Feb 28, 2019
3 min read
Voter Education In The Mobile Age
With the elections around the corner, efforts are underway to ensure citizens receive relevant, personalized messaging, messaging that they can comfortably understand. Localization can play a key role in enabling this.
Voter education remains critical in ensuring citizens know their voter rights, what different candidates are offering, how to vote, and more. Now that over 800 millions Indians have digital devices, digital communications offer an easy platform for rapid mass communication. What better way to communicate with most Indians, than by using the same devices they use on a daily basis?
The elections in 2014 saw a turnout of 65.4%, translating to more than 700 million voters. 2019 could see even higher turnout, aided by communications on now nearly omnipresent digital devices.
Election bodies can contact Indians through their devices, helping with the logistics of the elections. This is in line with the Digital India initiative and its growth, as more and more government services and information become available online.
Language Support & Mass Messaging Citizens
However, most of these platforms and services are primarily available in English online, with limited Indian language support. Most Indian voters are not familiar with English, and these platforms are not inclusive of them. Indian language support will help change this, as well as introduce them to a new scope of possible government-citizen interactions.
Localizing mass volumes of content for digital platforms, cross platform communication, as well as offline digital platforms like kiosks and help desks can be significantly sped up through Indic machine translation, with manual quality checking carried out to ensure the accuracy of these translations. Cross channel communication modes include SMS, email, push notifications, desktop notifications, and more.
Digital platforms like websites and apps should feature end-to-end localization in all major Indian languages, with no breaks in experience. While static content is generally translated, dynamic content usually requires transliteration in real time. All parts of the user flow, from drop down menus, to options, to confirmation screens, should be available in these languages. At no point should a user see English content if they have picked an Indian language. This will cause the user to drop off, breaking their user flow.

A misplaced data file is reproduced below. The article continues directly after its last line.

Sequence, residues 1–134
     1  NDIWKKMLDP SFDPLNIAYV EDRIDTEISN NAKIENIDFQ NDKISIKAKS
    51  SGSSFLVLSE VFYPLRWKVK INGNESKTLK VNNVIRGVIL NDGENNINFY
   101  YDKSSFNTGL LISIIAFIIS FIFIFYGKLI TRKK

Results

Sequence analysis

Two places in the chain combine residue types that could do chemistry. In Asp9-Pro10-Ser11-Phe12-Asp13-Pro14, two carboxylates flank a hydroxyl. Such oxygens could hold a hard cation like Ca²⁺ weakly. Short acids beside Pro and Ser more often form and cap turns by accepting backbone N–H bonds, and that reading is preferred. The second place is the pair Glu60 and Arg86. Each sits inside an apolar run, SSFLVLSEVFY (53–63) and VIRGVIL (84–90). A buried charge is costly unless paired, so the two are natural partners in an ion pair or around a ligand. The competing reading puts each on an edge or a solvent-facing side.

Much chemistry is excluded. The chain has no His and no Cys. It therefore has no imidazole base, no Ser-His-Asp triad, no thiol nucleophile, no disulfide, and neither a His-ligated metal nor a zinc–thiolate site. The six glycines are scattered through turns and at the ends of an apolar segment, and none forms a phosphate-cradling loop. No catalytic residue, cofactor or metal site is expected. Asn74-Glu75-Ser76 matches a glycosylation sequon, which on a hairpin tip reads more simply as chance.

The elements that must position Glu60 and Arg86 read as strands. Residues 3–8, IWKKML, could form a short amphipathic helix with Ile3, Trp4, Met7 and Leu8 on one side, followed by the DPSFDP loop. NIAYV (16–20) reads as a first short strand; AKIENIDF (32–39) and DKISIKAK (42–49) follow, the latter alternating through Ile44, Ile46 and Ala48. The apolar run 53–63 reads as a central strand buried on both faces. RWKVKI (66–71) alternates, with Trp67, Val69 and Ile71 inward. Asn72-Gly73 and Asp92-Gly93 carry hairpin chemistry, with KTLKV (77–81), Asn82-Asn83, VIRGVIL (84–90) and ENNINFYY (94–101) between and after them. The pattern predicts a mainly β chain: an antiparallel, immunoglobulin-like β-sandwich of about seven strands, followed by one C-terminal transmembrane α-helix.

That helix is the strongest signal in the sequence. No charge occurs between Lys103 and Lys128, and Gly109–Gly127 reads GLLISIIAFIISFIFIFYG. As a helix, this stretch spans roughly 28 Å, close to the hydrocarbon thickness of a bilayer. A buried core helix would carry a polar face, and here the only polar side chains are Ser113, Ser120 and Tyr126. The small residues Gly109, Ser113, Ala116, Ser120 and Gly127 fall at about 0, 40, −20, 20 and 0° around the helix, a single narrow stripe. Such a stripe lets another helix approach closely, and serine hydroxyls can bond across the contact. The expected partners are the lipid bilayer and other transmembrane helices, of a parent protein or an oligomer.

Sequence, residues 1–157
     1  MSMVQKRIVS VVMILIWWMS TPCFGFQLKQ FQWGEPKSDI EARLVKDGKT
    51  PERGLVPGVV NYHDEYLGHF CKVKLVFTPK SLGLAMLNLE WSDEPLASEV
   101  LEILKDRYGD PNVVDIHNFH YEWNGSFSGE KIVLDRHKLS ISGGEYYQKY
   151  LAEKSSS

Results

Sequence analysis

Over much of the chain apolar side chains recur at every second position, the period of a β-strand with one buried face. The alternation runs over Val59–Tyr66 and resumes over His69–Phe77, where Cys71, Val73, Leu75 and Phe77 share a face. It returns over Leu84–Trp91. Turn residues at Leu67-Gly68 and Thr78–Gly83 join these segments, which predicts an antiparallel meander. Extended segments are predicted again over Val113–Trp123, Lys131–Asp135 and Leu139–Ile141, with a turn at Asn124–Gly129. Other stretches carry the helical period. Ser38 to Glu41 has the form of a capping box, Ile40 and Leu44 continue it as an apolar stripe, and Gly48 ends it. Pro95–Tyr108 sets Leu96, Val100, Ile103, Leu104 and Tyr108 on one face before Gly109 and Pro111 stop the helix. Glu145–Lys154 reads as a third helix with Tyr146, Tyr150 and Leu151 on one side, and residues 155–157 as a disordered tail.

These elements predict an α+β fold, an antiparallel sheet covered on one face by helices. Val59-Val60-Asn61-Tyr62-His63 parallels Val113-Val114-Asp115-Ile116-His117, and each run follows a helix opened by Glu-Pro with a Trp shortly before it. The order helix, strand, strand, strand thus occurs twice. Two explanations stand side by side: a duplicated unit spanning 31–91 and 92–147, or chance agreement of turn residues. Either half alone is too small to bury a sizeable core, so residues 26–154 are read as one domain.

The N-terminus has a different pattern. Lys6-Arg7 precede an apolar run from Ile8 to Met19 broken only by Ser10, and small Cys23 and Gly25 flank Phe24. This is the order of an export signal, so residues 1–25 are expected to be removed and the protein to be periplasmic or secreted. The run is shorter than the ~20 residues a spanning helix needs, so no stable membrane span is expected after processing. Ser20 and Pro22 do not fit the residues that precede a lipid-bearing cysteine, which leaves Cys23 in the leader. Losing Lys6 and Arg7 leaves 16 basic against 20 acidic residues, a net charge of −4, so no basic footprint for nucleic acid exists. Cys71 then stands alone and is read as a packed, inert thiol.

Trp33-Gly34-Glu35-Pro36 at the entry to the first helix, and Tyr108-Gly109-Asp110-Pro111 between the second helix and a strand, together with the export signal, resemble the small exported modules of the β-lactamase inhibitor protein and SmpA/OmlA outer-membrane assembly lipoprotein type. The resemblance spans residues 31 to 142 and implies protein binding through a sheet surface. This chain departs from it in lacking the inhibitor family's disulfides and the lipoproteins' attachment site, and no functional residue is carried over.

Enabling Citizen Feedback Collection And More With Indic Text & Voice Input
In addition, these platforms must support text and voice input in Indic languages. This is to allow citizens to interact with platforms, as well as send feedback, reports, and queries to election bodies in their own language. Without this language support, citizens will not be able to comfortably interact with platforms. Such feedback collection will be limited to English speakers. Voice support adds the advantage of increased convenience, from voice input, to Indic speech-to-text solutions swiftly transcribing calls and voice input for processing.
A dedicated hotline is usually available for queries, feedback, or complaints, and an Indic voice bot can walk citizens through the process of availing these services by receiving responses and then taking actions accordingly. If a user calls and says they want to find a local polling booth, the bot will understand this query, find the nearest booth, and communicate it back to them within a couple of minutes.
Indic voice bots can also be used with platforms to walk citizens through a variety of different requirements, from registering for voters ID, to finding local candidates. These bots can communicate with users, asking them for their required information, as well as giving them options to choose from. This helps Indian language users who are not familiar with digital platforms find what they are looking for, and carry out their required action.
Interpreting Voter Data Through Indian Languages
Voter data, pertaining to demographics and electoral rolls, must be made available in Indian languages. These data points, like names, addresses, and more, can be localised in advance in all supported languages, quality checked, and kept ready for use by officials or voters. In addition, these databases need to support multilingual search and Indic input, allowing users to search for strings in Indian languages while also having the option to type in their own script.
Dashboards that record data should also be localized in all languages, allowing officials to interpret and analyse this data for themselves, in their own language. This can also be used to generate and print voter lists in various languages.
All in all, language has a role to play in every step of the process, before elections, during elections, and after them. Pre election elements including enabling mass voter education and disseminating information to hundreds of millions of voters with digital devices. Elements during elections include providing localized platforms for voters, enabling interactive interfaces, and maintaining databases officials can use. Post election elements mainly revolve around collecting feedback from citizens. Indic language technology ensures linguistic inclusion, driving greater civic inclusion.